Nottinghamshire Police’s dedicated roads policing unit targeted criminality as well as unsafe drivers during an operation using an unmarked lorry cab.
Team members used an HGV tractor unit, supplied by National Highways, which enabled them to observe driver behaviour from an elevated position during patrols on main routes.
The HGV allows police officers to film evidence of unsafe and distracting driving behaviour by pulling alongside vehicles and then the offending drivers are intercepted and pulled over safely by police cars following behind.
Drivers were given safety advice after being spotted not wearing seatbelts and a man was reported for driving while on his mobile phone as the operation focused on a stretch of the A1 on Thursday (28 September 2023).
Other key routes, including the M1 and Hermitage Lane in Mansfield, were also targeted during the week of action, the overall aim of which was to reduce the number of people killed or seriously injured on the roads and to improve road safety using a mixture of engagement, education, and enforcement.
While patrolling the roads on Thursday, the roads policing unit responded spontaneously after reports were received of a suspected cloned van and also a car towing a caravan which was suspected to have been involved in criminality.
Both drivers were swiftly stopped and spoken to while officer carried out checks on the vehicles. The car driver was also reported after being caught driving while using a mobile phone.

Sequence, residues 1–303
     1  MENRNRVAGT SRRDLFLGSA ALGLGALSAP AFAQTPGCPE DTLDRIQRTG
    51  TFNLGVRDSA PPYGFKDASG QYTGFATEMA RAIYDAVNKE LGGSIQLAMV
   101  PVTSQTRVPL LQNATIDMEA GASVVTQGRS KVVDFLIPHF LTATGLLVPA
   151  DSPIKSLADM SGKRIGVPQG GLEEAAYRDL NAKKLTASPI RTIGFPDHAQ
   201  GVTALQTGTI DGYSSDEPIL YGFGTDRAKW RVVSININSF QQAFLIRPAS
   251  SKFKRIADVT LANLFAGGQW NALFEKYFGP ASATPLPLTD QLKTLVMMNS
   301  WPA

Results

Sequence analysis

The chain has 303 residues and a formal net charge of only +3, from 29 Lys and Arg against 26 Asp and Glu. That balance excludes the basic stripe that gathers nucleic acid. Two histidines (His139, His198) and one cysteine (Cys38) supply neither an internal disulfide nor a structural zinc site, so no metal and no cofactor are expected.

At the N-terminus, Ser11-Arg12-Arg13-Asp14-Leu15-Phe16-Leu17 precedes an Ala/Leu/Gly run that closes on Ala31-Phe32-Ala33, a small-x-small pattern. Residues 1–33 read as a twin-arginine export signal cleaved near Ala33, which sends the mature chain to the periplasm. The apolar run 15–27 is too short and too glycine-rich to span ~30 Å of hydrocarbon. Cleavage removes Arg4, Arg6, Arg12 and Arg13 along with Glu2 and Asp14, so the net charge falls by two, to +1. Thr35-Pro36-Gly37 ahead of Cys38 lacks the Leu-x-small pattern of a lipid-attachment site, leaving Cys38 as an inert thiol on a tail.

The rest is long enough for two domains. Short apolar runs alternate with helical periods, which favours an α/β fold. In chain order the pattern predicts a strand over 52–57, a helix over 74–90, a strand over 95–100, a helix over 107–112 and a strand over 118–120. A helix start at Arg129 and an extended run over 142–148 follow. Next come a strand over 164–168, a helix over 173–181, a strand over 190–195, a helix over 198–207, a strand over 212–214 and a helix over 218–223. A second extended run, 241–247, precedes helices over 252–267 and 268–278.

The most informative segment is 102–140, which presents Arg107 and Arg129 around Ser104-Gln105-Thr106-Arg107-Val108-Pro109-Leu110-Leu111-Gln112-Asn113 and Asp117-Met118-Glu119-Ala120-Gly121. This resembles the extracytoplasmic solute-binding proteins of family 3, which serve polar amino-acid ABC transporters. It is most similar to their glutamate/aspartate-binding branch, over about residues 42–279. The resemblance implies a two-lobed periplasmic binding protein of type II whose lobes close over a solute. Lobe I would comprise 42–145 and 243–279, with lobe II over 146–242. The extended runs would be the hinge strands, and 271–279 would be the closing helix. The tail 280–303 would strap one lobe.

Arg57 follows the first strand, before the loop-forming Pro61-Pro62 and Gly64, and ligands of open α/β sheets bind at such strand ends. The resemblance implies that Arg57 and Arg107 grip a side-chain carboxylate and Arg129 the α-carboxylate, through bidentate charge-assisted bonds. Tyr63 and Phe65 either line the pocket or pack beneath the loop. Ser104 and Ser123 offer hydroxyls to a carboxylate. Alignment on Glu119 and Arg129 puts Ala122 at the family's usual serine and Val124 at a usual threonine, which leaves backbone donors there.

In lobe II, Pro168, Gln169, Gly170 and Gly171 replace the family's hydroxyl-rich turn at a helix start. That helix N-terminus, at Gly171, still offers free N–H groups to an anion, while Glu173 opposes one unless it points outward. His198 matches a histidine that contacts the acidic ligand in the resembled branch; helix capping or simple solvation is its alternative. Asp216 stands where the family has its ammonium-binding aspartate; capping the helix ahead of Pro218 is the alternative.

Another driver was also grateful for the team’s invention after his Mercedes broke down on a slip road and an officer was able to safely escort him to a nearby truck stop so he could get assistance.
Sergeant Steve Waft, of the roads policing unit, said:
“Our top priority is to make the roads throughout Nottinghamshire as safe as possible for everyone using them.
“It’s not just about enforcement and giving out tickets. If we can stop and educate a driver, through operations such as this, we can make them think twice about their unsafe behaviour and change their attitudes for the better so that we reduce further the numbers of people killed or seriously injured on our roads.
“As our operational activity highlighted, as a team we will also deal with any criminality on our roads if we come across it and take appropriate action against offenders.
Sgt Waft added:
“This operation is just a snapshot of the work we do all year round to keep people safe. We will continue to target those committing offences which can cause serious and potentially fatal consequences on our roads, whether it’s people using mobile phones or devices while at the wheel, not wearing a seatbelt, or even people reading books or leaning on their steering wheel while texting which we have previously encountered on our roads.
“Not fully concentrating on the road while you’re driving can have catastrophic consequences which could last a lifetime, especially if you cause a fatal crash by not focusing on the road.
“Drivers need to remember that their actions not only impact on them but also their own family as well as victims and their families.”
Anthony Thorpe, National Highways incident prevention project manager, said:
"We know that the majority of road users drive safely and legitimately. But there are a minority that continue to put themselves and others at risk with stupid, unsafe driving behaviours.
“Through our Operation Tramline HGV cabs, we are working with our police partners to get all drivers to think carefully about what they are doing behind the wheel and to ensure that they are behaving safely.
“Those who don’t do so should know that, from their elevated position in the cab, officers have a much wider vision and can spot dangerous driving behaviours – whatever vehicle the driver may be in.”